3. #GrowthSlowing, sequentially (from 3.6%) starts to give the US stock market multiple compression by Q2 of 2014

As most of you know, I’m not a forensic-US-stock-market-multiple-analyst. In fact, I think picking an “earnings number” for the SP500, then licking your finger on what multiple to slap on that is one of the more laughable things I hear people say with a straight face.

 

I’m more of a market history, math, and behavioral mutt myself. And history tells you that the US stock market:

  1. Sees multiple expansion when A) GROWTH accelerates and B) INFLATION slows
  2. Sees multiple compression when A) GROWTH slows and B) INFLATION accelerates

In other words, US economic STAGFLATION periods (1970s, 2010-2012, etc.) saw the SP500 trade at 7-12x earnings and #StrongDollar (deflating the inflation) periods of US real-consumption GROWTH accelerating saw multiples trade anywhere from 17-35x earnings.

 

Therefore, in my own little mind, provided that I think I know where the slopes of the 2 lines (GROWTH and INFLATION) are going in the next 3-6 months, I can start to prepare the sails of change in my positioning. In Macro, mental flexibility is forward progress.

 

Our immediate-term Risk Ranges (with TREND bullish or bearish) are now:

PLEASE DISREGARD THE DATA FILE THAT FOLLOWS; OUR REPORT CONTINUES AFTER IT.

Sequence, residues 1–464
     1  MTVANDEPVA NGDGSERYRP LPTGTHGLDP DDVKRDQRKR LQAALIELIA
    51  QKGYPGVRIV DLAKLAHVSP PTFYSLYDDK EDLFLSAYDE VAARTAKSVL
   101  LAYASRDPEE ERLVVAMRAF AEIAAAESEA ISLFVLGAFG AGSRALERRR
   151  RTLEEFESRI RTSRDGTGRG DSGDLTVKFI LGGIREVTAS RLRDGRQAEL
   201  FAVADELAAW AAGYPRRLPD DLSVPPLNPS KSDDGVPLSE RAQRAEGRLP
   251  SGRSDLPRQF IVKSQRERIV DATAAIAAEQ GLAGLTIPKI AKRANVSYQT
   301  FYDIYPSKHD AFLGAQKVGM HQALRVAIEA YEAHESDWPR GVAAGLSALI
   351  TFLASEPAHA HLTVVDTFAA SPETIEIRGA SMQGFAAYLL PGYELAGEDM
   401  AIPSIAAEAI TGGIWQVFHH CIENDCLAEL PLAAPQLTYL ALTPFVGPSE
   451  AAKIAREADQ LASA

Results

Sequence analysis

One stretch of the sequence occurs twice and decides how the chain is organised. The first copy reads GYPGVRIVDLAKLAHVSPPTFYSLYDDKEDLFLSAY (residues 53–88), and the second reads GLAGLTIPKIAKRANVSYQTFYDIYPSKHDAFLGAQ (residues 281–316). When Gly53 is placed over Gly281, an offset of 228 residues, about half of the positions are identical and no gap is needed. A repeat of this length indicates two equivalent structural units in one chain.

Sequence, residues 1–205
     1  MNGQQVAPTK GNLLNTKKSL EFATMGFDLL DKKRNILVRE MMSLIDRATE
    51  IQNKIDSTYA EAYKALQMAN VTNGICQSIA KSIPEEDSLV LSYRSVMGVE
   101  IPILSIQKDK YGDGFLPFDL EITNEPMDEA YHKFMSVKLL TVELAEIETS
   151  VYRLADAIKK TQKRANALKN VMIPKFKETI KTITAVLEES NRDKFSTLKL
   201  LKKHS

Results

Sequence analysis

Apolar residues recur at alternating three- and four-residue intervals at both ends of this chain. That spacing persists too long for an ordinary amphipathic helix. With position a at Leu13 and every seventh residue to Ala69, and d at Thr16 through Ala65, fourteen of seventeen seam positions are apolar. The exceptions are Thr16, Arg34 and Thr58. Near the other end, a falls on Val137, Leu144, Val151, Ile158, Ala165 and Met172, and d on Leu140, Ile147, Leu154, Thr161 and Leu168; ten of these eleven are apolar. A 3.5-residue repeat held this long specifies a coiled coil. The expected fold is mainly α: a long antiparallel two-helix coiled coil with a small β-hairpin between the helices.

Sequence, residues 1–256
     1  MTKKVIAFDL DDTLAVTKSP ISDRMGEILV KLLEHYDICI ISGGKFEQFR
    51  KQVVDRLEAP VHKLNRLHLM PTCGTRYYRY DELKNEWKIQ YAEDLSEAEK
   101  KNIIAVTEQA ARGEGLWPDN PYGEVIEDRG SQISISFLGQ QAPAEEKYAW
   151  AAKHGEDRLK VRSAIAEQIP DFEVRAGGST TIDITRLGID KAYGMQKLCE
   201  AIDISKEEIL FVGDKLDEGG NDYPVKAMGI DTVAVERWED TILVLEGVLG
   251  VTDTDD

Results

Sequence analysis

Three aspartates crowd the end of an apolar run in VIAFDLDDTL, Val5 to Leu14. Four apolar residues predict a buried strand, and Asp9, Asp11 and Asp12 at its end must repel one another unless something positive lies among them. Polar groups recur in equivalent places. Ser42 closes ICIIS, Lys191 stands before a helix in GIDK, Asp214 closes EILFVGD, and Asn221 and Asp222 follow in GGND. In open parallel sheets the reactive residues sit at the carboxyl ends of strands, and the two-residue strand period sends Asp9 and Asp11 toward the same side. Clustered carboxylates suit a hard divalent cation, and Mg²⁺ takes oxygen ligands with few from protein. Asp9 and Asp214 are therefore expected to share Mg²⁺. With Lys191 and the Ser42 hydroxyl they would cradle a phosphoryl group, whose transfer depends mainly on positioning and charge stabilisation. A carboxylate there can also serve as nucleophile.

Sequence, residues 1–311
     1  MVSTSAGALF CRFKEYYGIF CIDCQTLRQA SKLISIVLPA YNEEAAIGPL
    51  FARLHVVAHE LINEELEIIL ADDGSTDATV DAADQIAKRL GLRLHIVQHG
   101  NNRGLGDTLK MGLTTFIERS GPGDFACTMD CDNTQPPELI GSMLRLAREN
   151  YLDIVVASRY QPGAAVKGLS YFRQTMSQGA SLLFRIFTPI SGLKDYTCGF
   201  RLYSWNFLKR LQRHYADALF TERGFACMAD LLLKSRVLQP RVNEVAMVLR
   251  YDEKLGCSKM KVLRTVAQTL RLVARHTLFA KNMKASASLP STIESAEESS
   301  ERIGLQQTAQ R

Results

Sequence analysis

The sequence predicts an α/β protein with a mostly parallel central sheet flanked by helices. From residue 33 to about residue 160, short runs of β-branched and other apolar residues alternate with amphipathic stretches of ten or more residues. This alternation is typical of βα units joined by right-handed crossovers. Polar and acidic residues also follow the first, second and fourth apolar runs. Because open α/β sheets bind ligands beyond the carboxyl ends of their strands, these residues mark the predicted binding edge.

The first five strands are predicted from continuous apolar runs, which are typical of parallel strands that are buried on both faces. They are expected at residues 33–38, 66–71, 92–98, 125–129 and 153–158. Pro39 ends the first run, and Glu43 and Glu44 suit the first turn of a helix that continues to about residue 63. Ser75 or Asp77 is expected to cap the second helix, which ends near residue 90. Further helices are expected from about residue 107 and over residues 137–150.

UST 10yr Yield 2.77-2.88%

SPX 1 

DAX 9068-9288 

VIX 13.31-15.58 

USD 80.22-80.66

Pound 1.62-1.64 

EUR/USD 1.35-1.37 

 

Happy b-day to my brother Ryan and best of luck out there today,

KM

 

Rear-View Progress - Chart of the Day

 

Rear-View Progress - Virtual Portfolio


Tough Questions

This note was originally published at 8am on November 22, 2013 for Hedgeye subscribers.

“Computers are useless; they can only give you answers.”

-Pablo Picasso

 

Amen to that, Pablo. It’s amazing how much time and effort we all spent at school and currently spend at work learning strategies and techniques for finding the right answers compared to how little time we spend learning to ask the right questions.

 

Implicit in any commitment to discovering the truth is a commitment to systematically asking ourselves tough questions – the answers to which may not be derivable from reported data that is inherently backward-looking in nature.

 

Furthermore, such questions extend well beyond the typical, “Where can I be wrong?”, instead opting to traverse the realm of, “Where am I not even looking?”